Chicago Shakespeare Theater’s ‘Willy Wonka’ Sure to Satisfy Your Child’s Sweet Spot

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HollywoodChicago.com Comedy/Tragedy Rating: 4.0/5.0
Rating: 4.0/5.0

CHICAGO – Ah, it’s summer again. Kids in Chicago are playing in the Millennium Park fountains, teenagers are flooding in to see the latest cinema blockbusters and families are enjoying Lake Michigan’s beaches.

But perhaps an even more important staple of this sunny season is the decision by Chicago theatre producers that it’s the prime time for stage productions to cater to those of us under the age of 12.

Lucky for the youngsters, the Chicago Shakespeare Theater has mounted a delectable stage adaptation of “Charlie and the Chocolate Factory” called “Willy Wonka”. It’s a musical that’s sure to entice and satiate even the bitterest of audiences. Fans of both Roald Dahl’s original children’s novel and the classic film will revel in this piece.

Only at the end of the play Willy Wonka is Willy Wonka's (Sean Fortunato) purpose revealed. He not only rewards the good and deserving but finds fulfillment of his own urgent search
Only at the end of the play “Willy Wonka” is Willy Wonka’s (Sean Fortunato) purpose revealed. He not only rewards the good and deserving but finds fulfillment of his own search.
Photo credit: Liz Lauren

True to both Dahl’s tale and the movie score from Leslie Bricusse and Anthony Neweley, the production by the Chicago Shakespeare Theater is a goodie bag replete with fun costumes, playful Oompa-Loompa puppets, brightly colored set pieces and a small yet mostly stellar cast.

Though Dahl is one of the most celebrated children’s writers of all time, he’s most known for his willingness to incorporate solemn and dark themes into the most playful of his novels.

“Willy Wonka” director Joe Leonardo in Chicago demonstrably understands and reveres this. The production gleefully succeeds at taking its audience on a fantastic, chocolate-filled voyage while also paying credence to the more gloomy realities of each character’s plight.

The musical follows the familiar story of the Bucket family. They’re a down-on-their-luck clan residing in the slums of London.

Due to Mr. Bucket’s precarious job position at a toothpaste factory, the family is constantly on the verge of absolute poverty and destitution. The living conditions Leonardo has created clearly reflect their financial situation.

Living under the same patched roof (and in the same bed) are Charlie’s grandparents (represented by Meredith Miller’s ghoulish puppets), parents and young Charlie himself. Remaining steadfast to his message of hope, Charlie eventually scores one of the famous golden tickets from candy mogul Willy Wonka.

In Willy Wonka in Chicago, the children's journey is strewn with temptations. Augustus Gloop’s (George Andrew Wolff) gluttony – encouraged by his mother Mrs. Gloop (Paula Scrofano) – proves to be his downfall
In “Willy Wonka,” the children’s journey is strewn with temptations. Augustus Gloop’s (George Andrew Wolff) gluttony – encouraged by his mother (Paula Scrofano) – proves to be his downfall.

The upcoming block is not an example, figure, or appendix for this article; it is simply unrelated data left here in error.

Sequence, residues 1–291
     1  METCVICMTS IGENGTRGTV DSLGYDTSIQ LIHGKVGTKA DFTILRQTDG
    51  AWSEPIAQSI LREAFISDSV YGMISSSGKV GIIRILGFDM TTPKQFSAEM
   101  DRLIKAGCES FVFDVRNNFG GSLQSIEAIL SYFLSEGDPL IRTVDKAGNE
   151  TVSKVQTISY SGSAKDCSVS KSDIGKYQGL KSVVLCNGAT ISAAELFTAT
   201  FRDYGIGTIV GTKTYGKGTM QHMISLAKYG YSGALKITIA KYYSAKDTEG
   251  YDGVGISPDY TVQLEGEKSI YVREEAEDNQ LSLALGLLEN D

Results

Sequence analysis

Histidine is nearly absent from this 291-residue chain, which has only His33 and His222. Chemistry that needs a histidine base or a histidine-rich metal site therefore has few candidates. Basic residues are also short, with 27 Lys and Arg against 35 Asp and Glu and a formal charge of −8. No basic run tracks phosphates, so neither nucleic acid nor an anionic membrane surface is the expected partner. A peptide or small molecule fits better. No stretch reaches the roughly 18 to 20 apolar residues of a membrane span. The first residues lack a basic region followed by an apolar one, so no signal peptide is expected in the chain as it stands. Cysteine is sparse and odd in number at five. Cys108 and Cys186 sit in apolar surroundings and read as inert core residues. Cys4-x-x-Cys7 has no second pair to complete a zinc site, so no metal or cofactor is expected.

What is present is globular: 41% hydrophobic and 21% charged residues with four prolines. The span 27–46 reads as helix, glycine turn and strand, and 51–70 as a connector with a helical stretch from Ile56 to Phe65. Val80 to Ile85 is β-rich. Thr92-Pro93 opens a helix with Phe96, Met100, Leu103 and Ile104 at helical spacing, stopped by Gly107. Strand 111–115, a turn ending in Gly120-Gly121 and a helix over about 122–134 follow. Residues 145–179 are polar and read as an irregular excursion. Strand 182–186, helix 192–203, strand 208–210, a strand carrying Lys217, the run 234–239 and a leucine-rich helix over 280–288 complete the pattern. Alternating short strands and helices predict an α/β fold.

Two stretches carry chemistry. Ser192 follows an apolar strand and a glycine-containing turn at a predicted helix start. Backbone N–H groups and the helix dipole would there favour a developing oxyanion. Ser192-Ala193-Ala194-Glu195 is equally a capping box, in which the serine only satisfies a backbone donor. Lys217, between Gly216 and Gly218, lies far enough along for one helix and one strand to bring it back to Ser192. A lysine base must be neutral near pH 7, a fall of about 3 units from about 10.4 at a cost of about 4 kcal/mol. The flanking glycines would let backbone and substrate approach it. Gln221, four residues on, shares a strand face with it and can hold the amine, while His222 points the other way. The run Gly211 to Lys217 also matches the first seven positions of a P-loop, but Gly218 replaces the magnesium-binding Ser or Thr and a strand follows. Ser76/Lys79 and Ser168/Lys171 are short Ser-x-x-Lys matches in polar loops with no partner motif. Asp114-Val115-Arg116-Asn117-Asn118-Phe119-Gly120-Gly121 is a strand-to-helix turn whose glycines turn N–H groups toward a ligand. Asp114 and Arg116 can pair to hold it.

Photo credit: Liz Lauren

Charlie then sets off to explore the chocolate factory in all of its delicious glory. Unlike most children’s stories, the antagonists here aren’t evil stepmothers, witches or monsters. They’re the children themselves.

Joining Charlie on his trek to the mysterious land of candy is the voracious Augustus Gloop (played by the golden-voiced George Andrew Wolff), the bratty Veruca Salt (Jessie Mueller), the gum-chomping Violet Beauregarde (Melanie Brezill) and the technology-inebriated Mike Teavee (played by Travis Turner on Hellys).

Though dealing with a noticeable deficit of character development, the actors perform these scrumptiously gluttonous characters with irresistible playfulness. Leading the brat pack is The House Theatre’s Patrick Andrews in the title role.

Unfortunately, he plays the precociously written Charlie a bit too childlike.

However, the wide-eyed and literal kid-in-a-candy-store excitement that Andrews brings to the table is undeniably enjoyable to watch. Also, everyone in the audience under 5-feet tall noticeably looked up (no pun intended) to Charlie as if he were a hero with a candy-cane crown.

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However, the show is by no means ready to head to the Great White Way. Leslie Bricusse’s score and Tim McDonald’s book could definitely benefit from a trip back to Wonka’s inventing room.

With the exception of the songs made famous by the film adaptation (“Pure Imagination” and “The Candy Man”), the score is mostly forgettable along with the actor’s voices (specifically Sean Fortunato’s bland tenor take on Wonka).

But for the most part, the production thrives in its small-scale simplicity. Its age-old message of humility and kindness is still heartwarmingly contagious and its narrative is as fanciful as ever. Judging by the reactions throughout its opening, the kids will eat up every tasty morsel.

“Willy Wonka” runs every day but Mondays and Tuesdays through Aug. 17, 2008 at the Courtyard Theater at the Chicago Shakespeare Theater, which is located at 800 E. Grand Ave. in Chicago. Visit here for tickets.


For a complete listing of all shows and reviews in Chicago, visit our partner TheatreInChicago.com. For half-price Chicago theater tickets, visit our partner Goldstar.

HollywoodChicago.com staff writer Alissa Norby

By ALISSA NORBY
Staff Writer
HollywoodChicago.com
alissa@hollywoodchicago.com

© 2008 Alissa Norby, HollywoodChicago.com

Anonymous's picture

the show is by no means

the show is by no means ready to head to the Great White Way. Leslie Bricusse’s score and Tim McDonald’s book could definitely benefit from a trip back to Wonka’s inventing room.

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